MALIBU, Calif. — The all-electric Pininfarina Battista throws around some impressive numbers. Power output in the 1,900-horsepower neighborhood. A 0-to-60 time of less than 2 seconds. A range estimated to be 300 miles. A starting price of $2.2 million. All of that might invite the names hypercar or supercar, but that would imply it’s harsh and unforgiving. Instead, Pininfarina defines the Battista as a hyper GT, giving it the otherworldly power and performance of a hypercar while remaining comfortable enough to take on a road trip.
That’s a tall order for any vehicle, let alone the first car produced by a new manufacturer. After spending an afternoon with the Battista on some of our favorite roads above Malibu, we can definitively say that their boldness has paid off.
Automobili Pininfarina is the new manufacturing offshoot of the Carrozzeria Pininfarina design firm that has penned some of the most iconic cars in history. These include the 1947 Cisitalia 202, which is regarded as the first car that integrated fenders into the rest of the bodywork. Then there are icons such as the Fiat and Alfa Romeo Spiders (above right) along with the nouveau-classic Cadillac Allante. But it’s Pininfarina’s association with Ferrari that is most notable, including most of the 250 GT line (above left), Daytona, 512 BB, and wild 1980s Testarossa.
The Battista is named for Battista “Pinin” Farina, who founded Carrozzeria Pininfarina in 1930. A lot of its battery, chassis and motor componentry comes from Rimac, the nascent Croatian electric supercar maker that recently paired with Porsche to take over Bugatti.
The Battista’s exterior styling certainly has echoes of Ferrari, and really, can you think of a better compliment? As an all-electric vehicle, it doesn’t have the same kind of cooling and air intake needs as the gasoline-powered Ferraris and results in a cleaner and more elemental shape. The design is still aggressive as hell, but less shouty, and that plays well with the hyper GT positioning.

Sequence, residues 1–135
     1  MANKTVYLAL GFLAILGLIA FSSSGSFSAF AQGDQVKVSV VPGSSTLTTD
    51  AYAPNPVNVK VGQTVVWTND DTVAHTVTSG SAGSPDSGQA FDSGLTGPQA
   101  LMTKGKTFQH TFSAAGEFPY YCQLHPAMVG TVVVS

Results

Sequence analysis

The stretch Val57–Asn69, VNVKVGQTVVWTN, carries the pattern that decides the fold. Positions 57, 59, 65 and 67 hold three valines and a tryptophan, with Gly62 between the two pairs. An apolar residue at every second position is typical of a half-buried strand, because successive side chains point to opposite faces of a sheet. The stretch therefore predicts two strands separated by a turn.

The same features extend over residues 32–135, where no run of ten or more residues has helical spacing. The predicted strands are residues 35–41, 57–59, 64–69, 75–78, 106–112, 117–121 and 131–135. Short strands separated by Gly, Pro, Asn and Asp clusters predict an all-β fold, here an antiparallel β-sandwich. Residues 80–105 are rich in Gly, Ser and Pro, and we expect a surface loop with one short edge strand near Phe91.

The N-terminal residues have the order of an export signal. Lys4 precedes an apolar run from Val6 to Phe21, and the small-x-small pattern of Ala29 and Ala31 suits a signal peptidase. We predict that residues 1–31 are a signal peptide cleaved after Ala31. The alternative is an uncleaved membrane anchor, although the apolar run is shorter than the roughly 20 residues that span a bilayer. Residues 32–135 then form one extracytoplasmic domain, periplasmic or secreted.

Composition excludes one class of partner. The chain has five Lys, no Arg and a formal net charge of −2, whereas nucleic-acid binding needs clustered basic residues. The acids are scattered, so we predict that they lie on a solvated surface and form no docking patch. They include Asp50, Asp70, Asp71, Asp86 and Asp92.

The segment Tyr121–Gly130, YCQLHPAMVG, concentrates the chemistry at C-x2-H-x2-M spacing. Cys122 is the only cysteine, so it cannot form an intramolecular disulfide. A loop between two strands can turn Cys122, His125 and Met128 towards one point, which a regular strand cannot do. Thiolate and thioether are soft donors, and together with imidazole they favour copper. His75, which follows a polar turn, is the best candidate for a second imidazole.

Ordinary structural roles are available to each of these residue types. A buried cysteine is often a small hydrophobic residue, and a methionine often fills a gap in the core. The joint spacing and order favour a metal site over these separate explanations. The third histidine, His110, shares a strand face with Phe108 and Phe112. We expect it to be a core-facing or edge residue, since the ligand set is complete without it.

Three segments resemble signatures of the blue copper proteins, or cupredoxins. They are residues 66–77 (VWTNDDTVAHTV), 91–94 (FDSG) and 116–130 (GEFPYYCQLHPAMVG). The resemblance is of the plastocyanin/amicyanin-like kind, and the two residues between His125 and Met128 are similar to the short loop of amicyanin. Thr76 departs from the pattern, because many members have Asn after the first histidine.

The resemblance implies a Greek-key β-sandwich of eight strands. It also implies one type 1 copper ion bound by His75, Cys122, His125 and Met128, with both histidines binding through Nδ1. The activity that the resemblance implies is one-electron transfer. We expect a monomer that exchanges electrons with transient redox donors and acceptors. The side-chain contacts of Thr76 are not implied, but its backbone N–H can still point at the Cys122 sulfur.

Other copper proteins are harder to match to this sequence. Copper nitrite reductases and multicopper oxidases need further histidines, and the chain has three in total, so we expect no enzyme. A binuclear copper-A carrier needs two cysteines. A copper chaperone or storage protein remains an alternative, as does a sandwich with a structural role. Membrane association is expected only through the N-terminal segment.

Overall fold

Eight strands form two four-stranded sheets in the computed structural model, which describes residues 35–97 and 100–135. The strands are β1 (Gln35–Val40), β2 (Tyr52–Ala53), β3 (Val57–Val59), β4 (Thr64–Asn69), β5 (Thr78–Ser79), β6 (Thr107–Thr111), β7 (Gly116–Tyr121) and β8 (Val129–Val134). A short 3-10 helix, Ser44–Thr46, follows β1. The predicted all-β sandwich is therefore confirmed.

Once you pop the dihedral driver’s door, you’re greeted by a rather narrow passage between the dash and seat. Getting in takes a bit more stooping and maneuvering compared to conventional sports cars, but there are certainly exotics that are more difficult to access. Pulling the door down doesn’t take much effort, but you have to give it a strong slam to get it to fully shut, making it a strong candidate for soft-close doors.
The seats are firm and have excellent side bolstering to keep you in place when cornering. There are also more aggressive racing shell-type seats available, but in our estimation, unnecessary. Your feet can extend mostly straight ahead since front wheelwell intrusion is minimized. We haven’t even moved yet and the Battista is already fulfilling part of its hyper GT promise.
The cockpit is modern and minimal, with two horizontal touchscreens flanking the steering wheel and a phone-like display in the middle that displays speed and other primary information. Off to the sides, at the 5- and 7-o’clock positions, are two dials. The left selects drive modes and the right is the start button and gear selector. The cabin is cozy but not confining, and has a good amount of lateral space.
The Battista is already activated as we get in, a fact indicated by the subtle high-pitched whine and fan noises, much like a jetliner running on its auxiliary power unit as you find your seat. Foot on the brake and a quick spin of the right dial puts it in drive. A little pressure on the throttle and the Battista starts to roll forward on the gravel valet circle. Once on the broad, sweeping roads in the Santa Monica Mountains, it’s striking how well-mannered a 1,900-hp car can be.
We’re in the Pura (Pure) drive mode, which seems equivalent to a default comfort mode. It’s easy to drive, with no fear that you’ll accidentally overdo it and spin into a ditch. At the same time, it’s way more potent than most drivers will ever need. In this way, it’s as approachable as a 911 Carrrera 4S and we fantasize about an alternate reality where this is our daily driver.
The ride is stiff, but not punishing. There’s a lot of jostling over the pavement’s undulations, but the smart suspension keeps potholes from sending sharp jolts into your backside. You also hear every tire impact and slap over seams, along with the frequent ricochets of pebbles and debris off the undertray. There’s just enough harshness to remind you of its sporting potential and just enough compliance to consider driving it six hours somewhere.